What shaped Paine's leadership approach

Tim Paine has kept a file of various inspirational acts or words from cricket coaches and captains to have piqued his interest.

Paine was planning to use the various titbits in a coaching career when he retired, something that almost happened a year ago after a frustrating Sheffield Shield season in which he struggled to get a game for Tasmania.

Now it will form part of his approach as the nation's 46th Test captain, a role Paine was given after Steve Smith and David Warner's sacking over the Cape Town cheating scandal.

"I've always thought about going into coaching or something like that after cricket," Paine told reporters in Johannesburg.

"So I've constantly sort of written things down that I've liked about coaches and other leaders that I've played under.

"I suppose to try to take bits that I like and mould it to something that fits me."

Paine is reluctant to talk too much about his future as Test skipper, having pointed out before the fourth Test that a new coach could want a new captain.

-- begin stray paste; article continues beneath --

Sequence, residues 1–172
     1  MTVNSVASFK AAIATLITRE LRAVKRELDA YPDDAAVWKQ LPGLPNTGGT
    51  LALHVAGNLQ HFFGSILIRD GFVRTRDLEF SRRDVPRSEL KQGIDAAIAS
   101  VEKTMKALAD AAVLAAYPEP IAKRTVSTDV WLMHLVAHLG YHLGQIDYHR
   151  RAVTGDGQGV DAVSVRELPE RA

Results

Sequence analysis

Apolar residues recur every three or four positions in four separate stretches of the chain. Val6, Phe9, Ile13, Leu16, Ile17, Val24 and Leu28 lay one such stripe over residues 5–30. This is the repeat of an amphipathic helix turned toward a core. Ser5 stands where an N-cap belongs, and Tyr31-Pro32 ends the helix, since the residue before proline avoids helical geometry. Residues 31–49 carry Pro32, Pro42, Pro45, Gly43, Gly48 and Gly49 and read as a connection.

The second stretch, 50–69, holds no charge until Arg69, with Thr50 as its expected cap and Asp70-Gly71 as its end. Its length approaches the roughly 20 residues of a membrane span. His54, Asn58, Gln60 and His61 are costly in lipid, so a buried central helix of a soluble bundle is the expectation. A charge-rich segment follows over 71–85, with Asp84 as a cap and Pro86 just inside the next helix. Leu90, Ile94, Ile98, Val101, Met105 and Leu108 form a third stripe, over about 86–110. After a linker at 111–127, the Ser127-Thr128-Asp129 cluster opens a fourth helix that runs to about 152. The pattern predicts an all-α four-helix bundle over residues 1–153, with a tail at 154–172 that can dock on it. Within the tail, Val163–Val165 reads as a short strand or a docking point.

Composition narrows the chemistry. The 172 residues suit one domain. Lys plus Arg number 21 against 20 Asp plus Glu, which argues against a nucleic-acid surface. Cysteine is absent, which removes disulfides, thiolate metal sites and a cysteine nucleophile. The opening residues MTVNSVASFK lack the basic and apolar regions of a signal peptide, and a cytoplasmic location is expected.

However, Cricket Australia board member Mark Taylor has indicated Paine was is no stop-gap measure.

Paine became the second Tasmanian to captain Australia's Test team, following in the footsteps of Ricky Ponting, while he is the fourth keeper to have the honour.

The 33-year-old, who played much of the fourth Test with a broken thumb, is confident he can juggle leading, batting and keeping.

"I can, no doubt. Batting down the order as well, I've got a lot of time to sit and think," he said.

"The way I play my cricket now is a lot more relaxed than when I last played for Australia. I was quite an uptight, aggressive type of cricketer.

"Now I'm a lot more laid-back, which allows me to conserve mental energy.

"I was speaking to Boof (outgoing coach Darren Lehmann) after keeping 100 plus overs in both innings and (told him) I felt really fresh, so that's a good sign.

"The whole week has been a bit of a whirlwind to be honest. I think it (captaincy) is a role I could potentially grow into down the track."

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